Gaming, Technology, Video Games

Not Growing Up, Just Growing Old

How many of you game enthusiasts out there played games as a kid? Maybe you were raised on Nintendo where Mario, Pokemon, and Zelda were essential. Maybe Sonic, Rayman, or Pac-Man were more your style. Looking at this list of games, most (if not all) would probably be considered “children’s games.” Now, many of you who had nostalgic flashbacks of these games are probably 25 years of age or older. Are you too old to go back and play through a classic Sonic adventure? Are you too mature to be a kid again? Some would have us believe this, all because of a misconception that M rated games inherently come with age.

Truth be told, this post stemmed from something my dad said to me after the PS4 launch (remember, I’m 16). I was awake at around midnight playing Lego Marvel Super Heroes, which is rated E10+. He noticed what I was doing and commented/taunted that I was playing childish games; wouldn’t I be more suited to play Battlefield 4, which I had also bought? For the next couple weeks, he teased about how I had so much fun playing Legos like a  kid.

And you know what? I did; I truly enjoyed the Lego Marvel experience. So, to me, the Lego stamp on this game is hardly more than an art style and a mechanic. True, it’s nostalgic; it brings back memories of all the Lego toys I used to build when I was younger. But as far as the video game is concerned, Legos lend themselves well to heightening the experience. You can destroy items and use the resulting bricks to build new contraptions, for example. But to a non-gamer, this isn’t what is seen; instead, having a game about Legos is for babies, even if it’s infused with the same Marvel characters and storylines that the PG-13, blockbuster movie of 2012 was made of. Because the world was made of Legos, it automatically became immature and inferior to more adult oriented, bloody, gory games like Battlefield 4.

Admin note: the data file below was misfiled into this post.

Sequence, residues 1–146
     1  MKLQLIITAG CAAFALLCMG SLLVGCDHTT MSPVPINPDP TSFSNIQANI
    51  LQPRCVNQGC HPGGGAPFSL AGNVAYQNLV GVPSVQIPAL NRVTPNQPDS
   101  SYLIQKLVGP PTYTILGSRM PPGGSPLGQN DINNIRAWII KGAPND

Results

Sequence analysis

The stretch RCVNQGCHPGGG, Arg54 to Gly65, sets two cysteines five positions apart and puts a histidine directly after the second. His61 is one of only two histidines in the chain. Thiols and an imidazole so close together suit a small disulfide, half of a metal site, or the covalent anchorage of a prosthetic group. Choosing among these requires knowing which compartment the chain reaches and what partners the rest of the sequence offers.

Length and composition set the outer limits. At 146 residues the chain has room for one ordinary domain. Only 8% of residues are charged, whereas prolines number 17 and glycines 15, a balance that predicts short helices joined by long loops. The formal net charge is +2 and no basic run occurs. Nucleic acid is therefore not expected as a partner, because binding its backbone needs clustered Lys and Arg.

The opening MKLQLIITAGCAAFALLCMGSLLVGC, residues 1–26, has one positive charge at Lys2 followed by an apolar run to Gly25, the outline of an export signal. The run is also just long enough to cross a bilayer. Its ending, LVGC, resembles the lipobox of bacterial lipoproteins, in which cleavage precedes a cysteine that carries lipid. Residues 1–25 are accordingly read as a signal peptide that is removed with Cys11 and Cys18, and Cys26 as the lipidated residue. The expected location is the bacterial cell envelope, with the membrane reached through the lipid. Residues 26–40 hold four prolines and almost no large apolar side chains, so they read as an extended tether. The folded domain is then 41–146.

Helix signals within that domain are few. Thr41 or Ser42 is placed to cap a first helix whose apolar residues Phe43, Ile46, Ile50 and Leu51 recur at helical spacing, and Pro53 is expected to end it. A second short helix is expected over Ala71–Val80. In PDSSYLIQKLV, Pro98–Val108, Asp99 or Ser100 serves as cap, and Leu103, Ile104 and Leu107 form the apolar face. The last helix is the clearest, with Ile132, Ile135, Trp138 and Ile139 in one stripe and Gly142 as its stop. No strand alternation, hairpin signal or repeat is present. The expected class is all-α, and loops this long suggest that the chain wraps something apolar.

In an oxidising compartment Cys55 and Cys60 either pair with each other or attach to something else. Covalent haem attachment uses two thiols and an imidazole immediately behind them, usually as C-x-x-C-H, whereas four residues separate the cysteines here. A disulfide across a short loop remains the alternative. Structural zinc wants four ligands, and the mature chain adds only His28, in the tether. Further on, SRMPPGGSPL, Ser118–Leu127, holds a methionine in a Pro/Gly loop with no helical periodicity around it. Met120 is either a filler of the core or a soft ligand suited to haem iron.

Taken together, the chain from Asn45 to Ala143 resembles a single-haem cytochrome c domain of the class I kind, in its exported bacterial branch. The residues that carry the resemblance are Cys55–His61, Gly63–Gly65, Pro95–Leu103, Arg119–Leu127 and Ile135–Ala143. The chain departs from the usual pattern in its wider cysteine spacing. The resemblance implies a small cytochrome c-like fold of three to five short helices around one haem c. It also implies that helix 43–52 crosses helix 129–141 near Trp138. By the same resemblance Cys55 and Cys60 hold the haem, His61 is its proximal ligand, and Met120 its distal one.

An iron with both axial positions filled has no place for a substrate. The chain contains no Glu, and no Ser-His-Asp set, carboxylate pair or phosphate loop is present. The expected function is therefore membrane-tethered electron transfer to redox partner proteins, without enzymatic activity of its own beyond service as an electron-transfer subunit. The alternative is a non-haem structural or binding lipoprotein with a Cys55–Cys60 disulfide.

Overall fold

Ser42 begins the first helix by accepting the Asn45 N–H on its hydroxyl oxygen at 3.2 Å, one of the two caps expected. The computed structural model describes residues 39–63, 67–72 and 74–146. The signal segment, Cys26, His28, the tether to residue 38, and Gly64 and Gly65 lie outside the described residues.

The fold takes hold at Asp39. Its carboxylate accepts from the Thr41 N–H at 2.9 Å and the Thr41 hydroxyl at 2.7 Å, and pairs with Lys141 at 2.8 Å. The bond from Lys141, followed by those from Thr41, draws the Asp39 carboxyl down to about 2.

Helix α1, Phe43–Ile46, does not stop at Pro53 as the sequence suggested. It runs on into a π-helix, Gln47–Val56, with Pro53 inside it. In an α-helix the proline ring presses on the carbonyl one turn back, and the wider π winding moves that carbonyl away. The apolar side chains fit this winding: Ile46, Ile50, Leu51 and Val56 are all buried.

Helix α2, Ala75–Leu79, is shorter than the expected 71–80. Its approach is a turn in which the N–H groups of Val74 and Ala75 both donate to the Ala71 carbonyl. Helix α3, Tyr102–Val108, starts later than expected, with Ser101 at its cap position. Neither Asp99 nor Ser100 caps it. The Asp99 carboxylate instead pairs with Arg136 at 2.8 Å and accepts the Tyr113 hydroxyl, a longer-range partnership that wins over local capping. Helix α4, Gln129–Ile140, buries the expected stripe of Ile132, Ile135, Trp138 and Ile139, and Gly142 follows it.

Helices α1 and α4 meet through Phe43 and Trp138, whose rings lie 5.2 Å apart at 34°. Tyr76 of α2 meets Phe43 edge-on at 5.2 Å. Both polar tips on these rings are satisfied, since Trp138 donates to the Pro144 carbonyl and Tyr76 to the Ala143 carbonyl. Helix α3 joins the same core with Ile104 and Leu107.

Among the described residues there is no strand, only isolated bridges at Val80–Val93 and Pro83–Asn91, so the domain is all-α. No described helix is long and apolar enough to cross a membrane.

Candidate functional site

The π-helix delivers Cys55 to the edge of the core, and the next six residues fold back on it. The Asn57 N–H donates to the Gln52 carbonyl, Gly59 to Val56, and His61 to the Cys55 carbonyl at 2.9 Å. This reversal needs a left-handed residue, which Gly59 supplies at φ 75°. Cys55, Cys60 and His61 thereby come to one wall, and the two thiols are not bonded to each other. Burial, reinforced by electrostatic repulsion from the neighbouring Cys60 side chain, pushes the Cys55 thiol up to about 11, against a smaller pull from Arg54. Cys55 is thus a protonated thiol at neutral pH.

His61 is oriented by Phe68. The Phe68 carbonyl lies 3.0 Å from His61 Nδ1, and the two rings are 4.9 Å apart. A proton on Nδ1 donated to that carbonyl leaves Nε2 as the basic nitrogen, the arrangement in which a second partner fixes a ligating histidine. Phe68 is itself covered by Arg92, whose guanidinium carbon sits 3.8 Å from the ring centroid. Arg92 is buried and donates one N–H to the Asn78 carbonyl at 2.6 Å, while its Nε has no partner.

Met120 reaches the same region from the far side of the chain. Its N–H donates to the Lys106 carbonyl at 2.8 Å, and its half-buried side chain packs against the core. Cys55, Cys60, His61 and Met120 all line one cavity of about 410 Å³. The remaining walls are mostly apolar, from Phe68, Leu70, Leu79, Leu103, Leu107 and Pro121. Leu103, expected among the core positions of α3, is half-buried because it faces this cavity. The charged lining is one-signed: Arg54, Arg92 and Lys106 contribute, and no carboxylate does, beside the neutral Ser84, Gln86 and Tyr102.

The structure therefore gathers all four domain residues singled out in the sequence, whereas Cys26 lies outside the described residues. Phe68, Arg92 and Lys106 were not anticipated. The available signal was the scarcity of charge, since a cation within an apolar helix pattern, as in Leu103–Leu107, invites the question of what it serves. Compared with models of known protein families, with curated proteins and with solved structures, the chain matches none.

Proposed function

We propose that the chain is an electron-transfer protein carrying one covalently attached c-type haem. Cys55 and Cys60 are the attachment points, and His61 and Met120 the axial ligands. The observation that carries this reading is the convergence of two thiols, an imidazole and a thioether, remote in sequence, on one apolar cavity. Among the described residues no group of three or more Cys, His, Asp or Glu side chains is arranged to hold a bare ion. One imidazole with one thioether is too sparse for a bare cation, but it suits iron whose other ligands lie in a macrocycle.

I explained to my dad that despite the fact that the game revolves around Legos, it’s still fun, and (for a non-gamer, anyhow) it is practically the same as if the game were made with regular character and building models instead of Lego bricks and mini-figs. After all, he watches all the Marvel movies when they come out; how is this any different from the movies you enjoy? It employs the same characters and stories. His answer basically said: because it’s Lego.

Yes, because this is such a valid answer.

Now, by no means am I trying to bash my dad; not in the least. I’m simply trying to point out the difference between what a gamer and a non-gamer may believe about this hobby. When looking at Lego Marvel, I see a fun game with great graphics, fun mechanics, and a jocular storyline and script. A non-gamer sees that it’s Legos, therefore it must automatically be for kids.

When you think about it, the non-gamer isn’t all that wrong. After all, would you rather have your 10 year old son play this game, rated for 10 year olds and up, with no blood, no cursing, and no sexual content, or watch a PG-13 rated movie that probably has 2 or all 3 of those previously mentioned attributes? Is it better for a kid to read or watch Harry Potter, or play the Lego Harry Potter? Lord of the Rings? Batman? Pirates of the Carribean? Of course, these movies are still alright for lots of kids to watch, depending on their mental age and maturity. But for those who are still a little too young for the movies, Lego games are definitely a great alternative!